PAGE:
At no time between confirmation and issuance of the final report of her Chapter 13 bankruptcy case did Plaintiff disclose her case in this Court on her bankruptcy asset schedule. On January 22, 2019, Defendant filed this Motion for Summary Judgement seeking dismissal of Plaintiff s vaginal mesh lawsuit. Plaintiff reopened her bankruptcy case in March 2019.[6] In its motion for Summary Judgment, Defendant argued that Plaintiff: (1) lacks standing; and (2) is judicially estopped from bringing this cause of action. This Court heard oral argument on Defendant's motion on May 7, 2019. The Court requested supplemental briefing on the issue of Plaintiffs standing.

         STANDARD OF REVIEW

         Summary judgment is granted only if the moving party establishes that there are no genuine issues of material fact in dispute and judgment may be granted as a matter of law.[7] All facts are viewed in a light most favorable to the non-moving party.[8] Summary judgment may not be granted if the record indicates that a material fact is in dispute, or if there is a need to clarify the application of law to the specific circumstances.[9] When the facts permit a reasonable person to draw only one inference, the question becomes one for decision as a matter of law.[10] If the non-moving party bears the burden of proof at trial, yet "fails to make a showing sufficient to establish the existence of an element essential to that party's case," then summary judgment may be granted against that party.[11]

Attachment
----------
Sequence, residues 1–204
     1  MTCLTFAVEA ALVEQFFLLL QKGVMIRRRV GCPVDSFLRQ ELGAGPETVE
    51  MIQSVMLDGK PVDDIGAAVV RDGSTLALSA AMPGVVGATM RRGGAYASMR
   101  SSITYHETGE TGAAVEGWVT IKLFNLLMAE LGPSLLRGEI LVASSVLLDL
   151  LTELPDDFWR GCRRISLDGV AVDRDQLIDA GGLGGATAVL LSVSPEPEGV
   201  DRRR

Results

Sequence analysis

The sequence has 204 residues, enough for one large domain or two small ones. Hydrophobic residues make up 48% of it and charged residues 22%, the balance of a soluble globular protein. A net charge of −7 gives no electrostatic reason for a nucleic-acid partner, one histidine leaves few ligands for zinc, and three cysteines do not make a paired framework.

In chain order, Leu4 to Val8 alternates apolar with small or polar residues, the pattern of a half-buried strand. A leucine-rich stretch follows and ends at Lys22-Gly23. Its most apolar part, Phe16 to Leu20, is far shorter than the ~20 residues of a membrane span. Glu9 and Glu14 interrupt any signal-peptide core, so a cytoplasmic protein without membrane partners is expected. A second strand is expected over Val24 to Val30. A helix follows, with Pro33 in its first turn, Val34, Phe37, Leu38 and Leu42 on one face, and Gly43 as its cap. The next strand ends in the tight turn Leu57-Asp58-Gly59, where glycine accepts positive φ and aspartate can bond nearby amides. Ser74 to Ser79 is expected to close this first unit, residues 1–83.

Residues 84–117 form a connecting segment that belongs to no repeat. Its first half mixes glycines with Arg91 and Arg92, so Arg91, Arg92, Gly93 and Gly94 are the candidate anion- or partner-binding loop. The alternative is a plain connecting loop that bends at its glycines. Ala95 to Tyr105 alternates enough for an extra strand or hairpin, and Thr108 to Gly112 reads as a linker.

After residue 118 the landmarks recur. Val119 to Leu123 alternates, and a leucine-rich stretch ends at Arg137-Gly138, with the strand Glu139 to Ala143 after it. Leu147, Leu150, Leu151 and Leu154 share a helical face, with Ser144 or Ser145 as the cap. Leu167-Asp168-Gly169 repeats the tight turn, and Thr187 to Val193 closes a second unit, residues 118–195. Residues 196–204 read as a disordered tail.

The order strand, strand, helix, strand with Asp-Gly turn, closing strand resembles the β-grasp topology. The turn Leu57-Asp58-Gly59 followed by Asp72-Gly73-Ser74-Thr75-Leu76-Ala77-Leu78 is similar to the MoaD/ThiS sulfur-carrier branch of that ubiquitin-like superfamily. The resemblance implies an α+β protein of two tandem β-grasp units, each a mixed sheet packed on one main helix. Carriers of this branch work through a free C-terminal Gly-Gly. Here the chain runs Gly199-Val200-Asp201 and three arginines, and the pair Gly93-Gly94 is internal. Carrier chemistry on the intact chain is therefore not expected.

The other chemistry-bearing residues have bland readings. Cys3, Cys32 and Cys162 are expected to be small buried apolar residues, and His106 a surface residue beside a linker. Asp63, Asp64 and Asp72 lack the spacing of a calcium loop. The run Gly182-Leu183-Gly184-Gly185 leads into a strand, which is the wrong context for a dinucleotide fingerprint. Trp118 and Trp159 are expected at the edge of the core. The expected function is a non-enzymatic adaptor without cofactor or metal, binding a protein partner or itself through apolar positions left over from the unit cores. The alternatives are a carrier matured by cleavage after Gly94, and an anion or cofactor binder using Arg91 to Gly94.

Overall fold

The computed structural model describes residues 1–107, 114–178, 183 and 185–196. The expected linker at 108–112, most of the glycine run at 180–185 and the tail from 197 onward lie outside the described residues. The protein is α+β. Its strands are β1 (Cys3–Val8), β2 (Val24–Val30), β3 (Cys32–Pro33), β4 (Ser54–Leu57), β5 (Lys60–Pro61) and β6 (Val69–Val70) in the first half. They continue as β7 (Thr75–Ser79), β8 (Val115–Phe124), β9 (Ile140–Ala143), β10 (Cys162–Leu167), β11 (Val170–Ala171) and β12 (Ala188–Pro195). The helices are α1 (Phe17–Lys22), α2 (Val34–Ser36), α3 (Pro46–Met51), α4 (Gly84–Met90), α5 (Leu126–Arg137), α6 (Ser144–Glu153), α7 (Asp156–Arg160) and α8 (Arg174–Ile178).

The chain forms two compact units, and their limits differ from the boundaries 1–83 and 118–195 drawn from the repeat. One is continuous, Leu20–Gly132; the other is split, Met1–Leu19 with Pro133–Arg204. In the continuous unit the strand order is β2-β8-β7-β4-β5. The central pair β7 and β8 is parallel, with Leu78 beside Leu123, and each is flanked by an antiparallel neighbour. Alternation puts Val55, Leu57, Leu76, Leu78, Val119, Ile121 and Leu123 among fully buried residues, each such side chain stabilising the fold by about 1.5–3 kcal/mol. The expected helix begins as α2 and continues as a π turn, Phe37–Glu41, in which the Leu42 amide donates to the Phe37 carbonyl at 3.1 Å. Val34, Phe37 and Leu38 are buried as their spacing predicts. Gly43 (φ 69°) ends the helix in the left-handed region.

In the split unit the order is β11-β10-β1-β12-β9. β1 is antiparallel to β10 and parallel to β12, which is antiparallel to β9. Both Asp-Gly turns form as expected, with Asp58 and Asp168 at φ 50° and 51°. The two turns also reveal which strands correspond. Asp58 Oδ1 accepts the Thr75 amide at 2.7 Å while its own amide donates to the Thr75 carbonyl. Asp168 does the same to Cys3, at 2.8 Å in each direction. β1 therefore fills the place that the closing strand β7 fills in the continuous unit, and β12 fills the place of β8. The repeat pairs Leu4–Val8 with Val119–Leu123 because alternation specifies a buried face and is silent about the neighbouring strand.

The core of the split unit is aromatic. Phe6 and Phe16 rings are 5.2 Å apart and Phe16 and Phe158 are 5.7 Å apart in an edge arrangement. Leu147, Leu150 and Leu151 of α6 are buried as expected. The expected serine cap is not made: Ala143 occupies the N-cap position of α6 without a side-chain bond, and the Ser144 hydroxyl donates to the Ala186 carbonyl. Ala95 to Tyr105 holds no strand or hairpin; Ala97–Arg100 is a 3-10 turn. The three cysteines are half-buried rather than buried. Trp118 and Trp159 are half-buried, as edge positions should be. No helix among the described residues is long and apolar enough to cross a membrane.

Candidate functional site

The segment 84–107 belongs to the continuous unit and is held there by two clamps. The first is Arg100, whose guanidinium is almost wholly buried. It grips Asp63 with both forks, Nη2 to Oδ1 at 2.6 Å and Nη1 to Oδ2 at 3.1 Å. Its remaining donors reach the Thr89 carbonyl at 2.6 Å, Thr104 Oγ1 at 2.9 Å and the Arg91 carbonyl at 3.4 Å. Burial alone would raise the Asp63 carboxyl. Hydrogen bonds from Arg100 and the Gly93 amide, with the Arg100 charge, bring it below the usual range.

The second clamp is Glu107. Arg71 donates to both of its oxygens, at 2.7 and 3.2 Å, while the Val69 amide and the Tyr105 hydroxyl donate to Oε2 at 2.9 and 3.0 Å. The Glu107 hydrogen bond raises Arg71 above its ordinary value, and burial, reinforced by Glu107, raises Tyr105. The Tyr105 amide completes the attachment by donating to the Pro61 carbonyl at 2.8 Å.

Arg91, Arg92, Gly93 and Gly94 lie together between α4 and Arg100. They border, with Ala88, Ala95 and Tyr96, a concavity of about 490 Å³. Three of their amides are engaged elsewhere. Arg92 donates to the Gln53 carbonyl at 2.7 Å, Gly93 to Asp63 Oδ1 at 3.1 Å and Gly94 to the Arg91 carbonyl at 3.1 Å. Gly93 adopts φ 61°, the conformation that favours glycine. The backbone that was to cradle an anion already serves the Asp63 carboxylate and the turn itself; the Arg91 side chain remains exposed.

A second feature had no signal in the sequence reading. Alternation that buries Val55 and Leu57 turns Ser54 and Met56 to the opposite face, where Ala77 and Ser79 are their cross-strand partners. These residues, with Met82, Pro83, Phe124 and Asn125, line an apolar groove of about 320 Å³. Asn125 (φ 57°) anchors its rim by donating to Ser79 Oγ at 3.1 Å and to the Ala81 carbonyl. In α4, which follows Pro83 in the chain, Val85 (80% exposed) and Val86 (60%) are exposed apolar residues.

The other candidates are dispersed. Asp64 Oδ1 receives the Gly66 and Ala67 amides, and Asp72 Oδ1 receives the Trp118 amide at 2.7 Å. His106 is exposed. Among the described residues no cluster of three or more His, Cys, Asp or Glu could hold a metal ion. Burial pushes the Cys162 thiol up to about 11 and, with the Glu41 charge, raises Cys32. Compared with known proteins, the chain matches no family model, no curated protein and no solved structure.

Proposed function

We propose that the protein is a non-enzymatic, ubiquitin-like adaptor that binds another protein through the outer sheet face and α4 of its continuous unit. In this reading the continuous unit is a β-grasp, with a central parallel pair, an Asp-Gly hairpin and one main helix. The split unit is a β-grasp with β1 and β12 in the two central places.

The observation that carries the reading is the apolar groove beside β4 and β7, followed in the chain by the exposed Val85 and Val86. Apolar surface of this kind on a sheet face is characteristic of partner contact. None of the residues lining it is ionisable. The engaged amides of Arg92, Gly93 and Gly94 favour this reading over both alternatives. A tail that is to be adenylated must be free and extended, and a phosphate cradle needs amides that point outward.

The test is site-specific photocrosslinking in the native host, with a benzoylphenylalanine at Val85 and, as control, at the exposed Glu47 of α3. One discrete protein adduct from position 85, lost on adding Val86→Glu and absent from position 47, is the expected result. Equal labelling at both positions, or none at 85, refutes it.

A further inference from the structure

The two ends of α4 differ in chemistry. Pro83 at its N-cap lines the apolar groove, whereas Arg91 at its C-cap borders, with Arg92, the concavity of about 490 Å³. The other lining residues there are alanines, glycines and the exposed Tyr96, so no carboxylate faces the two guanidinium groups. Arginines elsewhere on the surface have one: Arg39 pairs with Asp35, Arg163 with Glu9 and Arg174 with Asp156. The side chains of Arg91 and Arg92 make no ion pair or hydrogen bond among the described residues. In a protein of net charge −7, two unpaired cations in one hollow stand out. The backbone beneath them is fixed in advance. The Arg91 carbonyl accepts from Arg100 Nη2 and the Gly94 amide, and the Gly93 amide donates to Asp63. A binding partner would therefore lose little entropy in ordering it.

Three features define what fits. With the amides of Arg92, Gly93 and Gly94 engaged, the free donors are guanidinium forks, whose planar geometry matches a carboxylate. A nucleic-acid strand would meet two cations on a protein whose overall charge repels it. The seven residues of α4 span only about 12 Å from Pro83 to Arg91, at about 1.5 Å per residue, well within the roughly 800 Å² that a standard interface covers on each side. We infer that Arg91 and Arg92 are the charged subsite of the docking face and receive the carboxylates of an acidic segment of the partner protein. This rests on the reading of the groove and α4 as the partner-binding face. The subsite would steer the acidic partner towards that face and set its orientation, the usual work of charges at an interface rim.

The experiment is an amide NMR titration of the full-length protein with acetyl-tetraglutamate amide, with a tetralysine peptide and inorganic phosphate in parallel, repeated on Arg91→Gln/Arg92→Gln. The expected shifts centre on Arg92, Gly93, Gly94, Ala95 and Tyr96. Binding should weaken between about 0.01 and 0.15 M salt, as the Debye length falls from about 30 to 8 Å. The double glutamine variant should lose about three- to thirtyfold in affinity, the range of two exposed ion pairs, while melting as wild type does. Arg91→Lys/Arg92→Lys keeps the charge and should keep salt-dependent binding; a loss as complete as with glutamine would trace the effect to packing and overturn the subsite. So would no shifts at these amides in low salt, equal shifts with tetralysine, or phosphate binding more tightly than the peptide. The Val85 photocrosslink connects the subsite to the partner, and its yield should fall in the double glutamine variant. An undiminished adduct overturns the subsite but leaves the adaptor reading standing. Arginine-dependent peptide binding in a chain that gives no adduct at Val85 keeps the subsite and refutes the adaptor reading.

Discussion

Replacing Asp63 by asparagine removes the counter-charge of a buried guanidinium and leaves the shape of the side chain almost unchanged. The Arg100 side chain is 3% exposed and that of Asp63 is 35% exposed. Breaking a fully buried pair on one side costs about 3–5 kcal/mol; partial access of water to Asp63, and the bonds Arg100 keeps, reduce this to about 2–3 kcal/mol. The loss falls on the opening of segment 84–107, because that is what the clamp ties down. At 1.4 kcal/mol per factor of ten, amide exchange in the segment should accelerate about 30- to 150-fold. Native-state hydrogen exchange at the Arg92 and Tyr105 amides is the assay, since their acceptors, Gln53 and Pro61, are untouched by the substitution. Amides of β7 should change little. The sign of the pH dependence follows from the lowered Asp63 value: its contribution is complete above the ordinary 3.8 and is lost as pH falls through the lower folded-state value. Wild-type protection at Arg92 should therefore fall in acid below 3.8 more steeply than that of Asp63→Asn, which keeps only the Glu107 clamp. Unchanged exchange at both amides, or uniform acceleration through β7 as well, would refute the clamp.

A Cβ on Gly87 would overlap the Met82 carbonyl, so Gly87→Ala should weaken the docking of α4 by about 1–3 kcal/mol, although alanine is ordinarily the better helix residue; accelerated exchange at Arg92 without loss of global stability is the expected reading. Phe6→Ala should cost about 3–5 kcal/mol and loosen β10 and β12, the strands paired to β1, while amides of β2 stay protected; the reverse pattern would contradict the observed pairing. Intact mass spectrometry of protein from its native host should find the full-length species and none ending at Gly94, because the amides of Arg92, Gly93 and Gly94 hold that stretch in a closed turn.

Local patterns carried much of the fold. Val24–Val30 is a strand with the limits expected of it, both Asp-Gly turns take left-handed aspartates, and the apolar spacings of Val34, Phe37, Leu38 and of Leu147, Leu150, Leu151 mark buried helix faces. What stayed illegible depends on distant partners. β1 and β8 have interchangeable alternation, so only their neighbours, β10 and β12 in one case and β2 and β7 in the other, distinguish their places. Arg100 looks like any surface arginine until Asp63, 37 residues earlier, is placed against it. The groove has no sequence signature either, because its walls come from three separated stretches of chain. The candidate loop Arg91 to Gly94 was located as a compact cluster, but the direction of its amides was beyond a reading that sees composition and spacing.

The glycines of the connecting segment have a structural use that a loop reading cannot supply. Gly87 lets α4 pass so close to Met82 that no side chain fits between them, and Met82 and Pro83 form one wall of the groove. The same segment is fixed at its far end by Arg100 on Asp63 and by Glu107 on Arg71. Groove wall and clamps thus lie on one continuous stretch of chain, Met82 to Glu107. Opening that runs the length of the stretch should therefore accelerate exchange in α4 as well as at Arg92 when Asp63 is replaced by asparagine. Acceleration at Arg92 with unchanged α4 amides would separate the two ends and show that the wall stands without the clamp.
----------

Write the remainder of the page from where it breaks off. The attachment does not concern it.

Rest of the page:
ANALYSIS